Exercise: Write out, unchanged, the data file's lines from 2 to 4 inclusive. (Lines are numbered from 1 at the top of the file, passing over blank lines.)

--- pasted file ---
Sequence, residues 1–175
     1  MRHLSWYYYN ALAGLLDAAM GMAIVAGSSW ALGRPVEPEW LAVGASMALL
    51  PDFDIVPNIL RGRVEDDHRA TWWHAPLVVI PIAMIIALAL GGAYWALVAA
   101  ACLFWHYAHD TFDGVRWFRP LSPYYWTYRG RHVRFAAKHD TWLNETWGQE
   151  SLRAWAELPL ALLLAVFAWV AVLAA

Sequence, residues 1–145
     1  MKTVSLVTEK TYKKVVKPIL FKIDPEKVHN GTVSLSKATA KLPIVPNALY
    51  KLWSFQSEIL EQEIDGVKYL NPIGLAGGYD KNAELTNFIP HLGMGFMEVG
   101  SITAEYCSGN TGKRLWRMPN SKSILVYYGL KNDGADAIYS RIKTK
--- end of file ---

     1  MRHLSWYYYN ALAGLLDAAM GMAIVAGSSW ALGRPVEPEW LAVGASMALL
    51  PDFDIVPNIL RGRVEDDHRA TWWHAPLVVI PIAMIIALAL GGAYWALVAA
   101  ACLFWHYAHD TFDGVRWFRP LSPYYWTYRG RHVRFAAKHD TWLNETWGQE